Crafty Crawls: Darling Harbour & The Rocks

February 3, 2023, by Benedict "Benny" Kennedy-Cox
Crafty Crawls: Darling Harbour & The Rocks

Whether you’re visiting Sydney or partaking in the rent-gouging search for a parking spot that constitutes being a Sydneysider, it is my view that the city is best enjoyed by the water, preferably with a beer in hand. And that's precisely what much of this guide to some of the city's craftier spots does.

It's a Crafty Crawl that takes you through two sea girt pockets of Sydney, reflecting the balance of old and new that make the harbour city so diverse. You’ll start near the modern Darling Harbour – a controversial yet kind of nostalgic area of Sydney, you’ll then sip your way around the harbour (dodging Barangaroo if you can) before skipping through the historic Rocks precinct and emerging into the timeless beauty of Circular Quay.

Some of these venues are as old as an Aussie venue can get, with an enduring charm that ages like a fine barley wine. Others are a celebration of the new: they want to wow you and send you on your way with a good taste in your mouth. The odd venue on this list even unites classic and modern because, as a wise young girl in an advert once said: "Why not have both?"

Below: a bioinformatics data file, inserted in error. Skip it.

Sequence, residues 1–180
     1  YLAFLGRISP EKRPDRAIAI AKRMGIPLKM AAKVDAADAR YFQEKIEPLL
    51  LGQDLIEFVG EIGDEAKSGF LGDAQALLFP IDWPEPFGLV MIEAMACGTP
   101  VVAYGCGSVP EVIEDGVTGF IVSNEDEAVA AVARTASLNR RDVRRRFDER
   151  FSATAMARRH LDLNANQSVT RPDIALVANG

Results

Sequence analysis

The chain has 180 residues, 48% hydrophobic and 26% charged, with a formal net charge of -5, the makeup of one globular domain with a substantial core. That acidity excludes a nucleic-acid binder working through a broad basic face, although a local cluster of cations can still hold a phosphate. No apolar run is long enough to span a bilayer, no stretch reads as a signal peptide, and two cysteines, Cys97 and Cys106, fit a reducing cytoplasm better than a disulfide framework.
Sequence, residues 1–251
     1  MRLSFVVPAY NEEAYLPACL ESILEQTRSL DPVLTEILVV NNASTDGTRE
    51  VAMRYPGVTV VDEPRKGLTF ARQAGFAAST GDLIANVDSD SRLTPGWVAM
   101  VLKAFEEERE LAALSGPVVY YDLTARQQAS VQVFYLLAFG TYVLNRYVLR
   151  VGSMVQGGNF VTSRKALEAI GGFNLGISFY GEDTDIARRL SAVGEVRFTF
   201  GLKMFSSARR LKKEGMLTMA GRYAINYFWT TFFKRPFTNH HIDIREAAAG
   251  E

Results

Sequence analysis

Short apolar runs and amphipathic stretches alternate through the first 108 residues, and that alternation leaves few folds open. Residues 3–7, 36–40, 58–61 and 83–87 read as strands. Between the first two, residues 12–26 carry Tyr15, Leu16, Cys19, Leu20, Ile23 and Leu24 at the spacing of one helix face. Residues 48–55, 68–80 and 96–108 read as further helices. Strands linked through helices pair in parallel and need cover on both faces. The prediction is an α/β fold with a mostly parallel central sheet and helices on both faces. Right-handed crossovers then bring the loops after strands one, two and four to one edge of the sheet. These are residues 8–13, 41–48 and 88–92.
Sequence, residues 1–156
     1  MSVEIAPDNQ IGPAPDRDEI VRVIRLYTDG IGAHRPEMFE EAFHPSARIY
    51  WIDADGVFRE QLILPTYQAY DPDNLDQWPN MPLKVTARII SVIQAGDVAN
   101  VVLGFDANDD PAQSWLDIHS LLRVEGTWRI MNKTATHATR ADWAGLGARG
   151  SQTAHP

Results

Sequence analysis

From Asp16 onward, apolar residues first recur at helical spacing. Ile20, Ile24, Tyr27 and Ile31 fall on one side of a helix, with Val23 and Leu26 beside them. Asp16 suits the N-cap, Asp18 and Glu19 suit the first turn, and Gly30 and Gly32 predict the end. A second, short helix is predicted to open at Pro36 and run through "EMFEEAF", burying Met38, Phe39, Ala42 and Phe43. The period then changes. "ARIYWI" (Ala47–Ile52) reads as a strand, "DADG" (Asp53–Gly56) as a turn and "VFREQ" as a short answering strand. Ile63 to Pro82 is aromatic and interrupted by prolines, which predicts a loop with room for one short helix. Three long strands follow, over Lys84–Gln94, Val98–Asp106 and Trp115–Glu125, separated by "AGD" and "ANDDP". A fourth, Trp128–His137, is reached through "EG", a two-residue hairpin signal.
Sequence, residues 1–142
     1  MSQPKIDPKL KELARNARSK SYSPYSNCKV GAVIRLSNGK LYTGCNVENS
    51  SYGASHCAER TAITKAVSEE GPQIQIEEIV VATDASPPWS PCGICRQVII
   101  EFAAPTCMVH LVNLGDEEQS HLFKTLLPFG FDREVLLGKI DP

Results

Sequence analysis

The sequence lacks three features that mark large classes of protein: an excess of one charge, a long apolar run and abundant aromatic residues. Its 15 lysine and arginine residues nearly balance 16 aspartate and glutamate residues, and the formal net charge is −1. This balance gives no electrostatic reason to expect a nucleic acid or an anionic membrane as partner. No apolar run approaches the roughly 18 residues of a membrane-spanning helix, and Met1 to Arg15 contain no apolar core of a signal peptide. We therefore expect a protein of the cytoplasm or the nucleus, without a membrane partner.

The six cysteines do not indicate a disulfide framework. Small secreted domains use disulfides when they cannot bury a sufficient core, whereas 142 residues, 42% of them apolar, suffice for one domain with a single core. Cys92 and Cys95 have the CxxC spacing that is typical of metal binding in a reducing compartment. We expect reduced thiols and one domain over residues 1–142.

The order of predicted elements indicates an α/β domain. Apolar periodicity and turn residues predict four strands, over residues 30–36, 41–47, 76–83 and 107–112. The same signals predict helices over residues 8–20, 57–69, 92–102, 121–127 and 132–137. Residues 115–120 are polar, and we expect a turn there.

You can find every venue in this article alongside well over a thousand breweries and good beer venues in the free Crafty Pint app.

Stop 1: Quarryman’s Hotel


Whistles don’t get wet at the century-old Quarryman’s hotel; they get absolutely saturated. 

This historic pub has been a champion of Australian craft beer since it first started making serious inroads across the city, as evidenced by a telegraph pole's worth of limited tap art displayed on the walls and beams. Remember all that stuff before about old and new colliding? Well, it happens here and it happens well. 

At any given time there are 24 beers on tap from NSW-based brewers such as One Drop, Hope Estate, Akasha, Mountain Culture and so much more. If you’re looking to bulk up your Untappd check-ins you came to the right place – the knowledgeable staff are likely doing the same. Select beers are also $6 during happy hour, which at time of publication runs from 5pm to 7pm, Monday to Thursday.

In warmer weather, I recommend enjoying a sour in their beer garden or on their plush leather seats in the main bar where the windows are open wide and there is always some sport on the screens. There’s also a rooftop bar where you might like to go on a date, but there the beer selection is entirely mainstream. There’s a simple but tempting pub grub menu with daily specials (except Fridays) and housemade pork cracklings for a salty side.